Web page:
After I'd finished witnessing to Jamie, I discovered that a friend named Lisa had over heard the encounter. I was in the very back corner of a large kitchen discreetly sharing the Gospel. There was so much activity and noise going on around I didn't believe that anyone but my husband knew what I was doing. Lisa said, "Hey, I can't believe you just witnessed to her. That was awesome! I witness too but I get stuck sometimes knowing how to transition the conversation."
This sparked a whole, new conversation about the importance of witnessing Biblically. She shares her faith frequently and also loves to pass out books to people when witnessing. I was able to show her some of the tracts that I carry with me and we began to role play. Here are some things that I shared:
1) Before you leave to go somewhere, check out the headline of your local or national news. The online news sites are replete with headlines that often involve someone's untimely demise. I find that the most successful stories are often the ones where someone dies unexpectedly. This is key to remember, we don't know the day we're going to die and these people most likely didn't either.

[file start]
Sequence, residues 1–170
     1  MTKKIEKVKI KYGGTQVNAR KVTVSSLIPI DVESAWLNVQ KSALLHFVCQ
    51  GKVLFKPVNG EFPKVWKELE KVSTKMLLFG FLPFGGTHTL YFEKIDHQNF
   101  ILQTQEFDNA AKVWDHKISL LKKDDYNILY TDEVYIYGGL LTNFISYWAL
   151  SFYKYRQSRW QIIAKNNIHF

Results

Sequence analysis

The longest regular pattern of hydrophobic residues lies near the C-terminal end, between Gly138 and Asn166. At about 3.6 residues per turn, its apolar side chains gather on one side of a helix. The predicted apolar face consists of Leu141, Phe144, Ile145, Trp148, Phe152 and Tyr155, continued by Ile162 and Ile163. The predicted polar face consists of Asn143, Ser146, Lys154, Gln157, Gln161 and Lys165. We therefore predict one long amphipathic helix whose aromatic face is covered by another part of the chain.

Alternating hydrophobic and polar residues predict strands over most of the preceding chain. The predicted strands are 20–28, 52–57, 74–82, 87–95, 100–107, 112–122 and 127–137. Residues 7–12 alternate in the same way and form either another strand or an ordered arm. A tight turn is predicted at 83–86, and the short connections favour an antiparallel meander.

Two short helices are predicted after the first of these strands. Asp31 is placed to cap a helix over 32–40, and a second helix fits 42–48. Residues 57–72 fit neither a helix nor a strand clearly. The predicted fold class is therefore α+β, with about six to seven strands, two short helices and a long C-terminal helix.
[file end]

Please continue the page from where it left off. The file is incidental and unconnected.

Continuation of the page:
After scanning the details of the article, you will be able to engage even a complete stranger. Besides the fact that we are all going to die, you will have an instant rapport with someone when discussing a headline tragedy. We all gravitate towards tales of tragedy. If you don't believe this, try not staring the next time there is a car accident on the road.
photo by Chris Yarzab2) Lead off with a question such as, "Did you hear about what happened in...?" If they have heard about whatever news item you're discussing follow it with, "Kinda makes you think about how short life is, doesn't it?" If they haven't heard of what you're talking about, bring them up to speed with a few details from the article and then use the above questions. Then follow with the question, "When you die do you think you'll go to heaven?" or you can say, "When you die do you think you'll go to heaven or hell?" Either way, you're going to get around to speaking of hell so don't worry if "hell" is not in the first question since many people don't think they're going to hell anyway.
3) When using tracts, here are some suggestions:
Curved Illusion- I showed Lisa the illusion (asking which looked longer the one on the right or left). She'd never seen anything like it. After you stack the cards, they see that they are the same size, one way to transition is by saying, "It's an optical illusion. Just like our eyes can deceive us, so too our hearts can deceive us by believing something that isn't true." From there, you can engage anyone by talking about how we sometimes hold onto beliefs that aren't true even though we sincerely believe they are. Then ask, "Do you have a Christian background?"